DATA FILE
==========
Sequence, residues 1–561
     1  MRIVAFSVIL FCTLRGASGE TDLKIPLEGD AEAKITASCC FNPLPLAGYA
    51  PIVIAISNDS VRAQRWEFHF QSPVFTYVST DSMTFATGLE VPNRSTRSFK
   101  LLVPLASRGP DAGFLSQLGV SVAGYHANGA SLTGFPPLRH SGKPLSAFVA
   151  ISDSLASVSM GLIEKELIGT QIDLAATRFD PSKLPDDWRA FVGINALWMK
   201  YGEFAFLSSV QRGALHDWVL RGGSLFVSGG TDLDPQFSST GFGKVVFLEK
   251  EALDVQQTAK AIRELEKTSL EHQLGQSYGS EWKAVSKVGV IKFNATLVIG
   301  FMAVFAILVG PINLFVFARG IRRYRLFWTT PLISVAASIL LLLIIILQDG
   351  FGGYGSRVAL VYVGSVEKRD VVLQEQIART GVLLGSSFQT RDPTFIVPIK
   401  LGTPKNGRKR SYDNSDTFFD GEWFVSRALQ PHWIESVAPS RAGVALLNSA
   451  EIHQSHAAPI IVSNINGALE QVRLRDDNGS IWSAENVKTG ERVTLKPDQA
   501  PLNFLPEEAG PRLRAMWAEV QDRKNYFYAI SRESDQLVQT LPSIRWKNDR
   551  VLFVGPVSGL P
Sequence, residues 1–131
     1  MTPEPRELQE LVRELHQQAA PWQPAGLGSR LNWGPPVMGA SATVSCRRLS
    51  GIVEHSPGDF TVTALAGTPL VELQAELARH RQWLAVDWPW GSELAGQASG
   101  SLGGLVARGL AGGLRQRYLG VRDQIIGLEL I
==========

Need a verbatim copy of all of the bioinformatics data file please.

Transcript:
Sequence, residues 1–561
     1  MRIVAFSVIL FCTLRGASGE TDLKIPLEGD AEAKITASCC FNPLPLAGYA
    51  PIVIAISNDS VRAQRWEFHF QSPVFTYVST DSMTFATGLE VPNRSTRSFK
   101  LLVPLASRGP DAGFLSQLGV SVAGYHANGA SLTGFPPLRH SGKPLSAFVA
   151  ISDSLASVSM GLIEKELIGT QIDLAATRFD PSKLPDDWRA FVGINALWMK
   201  YGEFAFLSSV QRGALHDWVL RGGSLFVSGG TDLDPQFSST GFGKVVFLEK
   251  EALDVQQTAK AIRELEKTSL EHQLGQSYGS EWKAVSKVGV IKFNATLVIG
   301  FMAVFAILVG PINLFVFARG IRRYRLFWTT PLISVAASIL LLLIIILQDG
   351  FGGYGSRVAL VYVGSVEKRD VVLQEQIART GVLLGSSFQT RDPTFIVPIK
   401  LGTPKNGRKR SYDNSDTFFD GEWFVSRALQ PHWIESVAPS RAGVALLNSA
   451  EIHQSHAAPI IVSNINGALE QVRLRDDNGS IWSAENVKTG ERVTLKPDQA
   501  PLNFLPEEAG PRLRAMWAEV QDRKNYFYAI SRESDQLVQT LPSIRWKNDR
   551  VLFVGPVSGL P
Sequence, residues 1–131
     1  MTPEPRELQE LVRELHQQAA PWQPAGLGSR LNWGPPVMGA SATVSCRRLS
    51  GIVEHSPGDF TVTALAGTPL VELQAELARH RQWLAVDWPW GSELAGQASG
   101  SLGGLVARGL AGGLRQRYLG VRDQIIGLEL I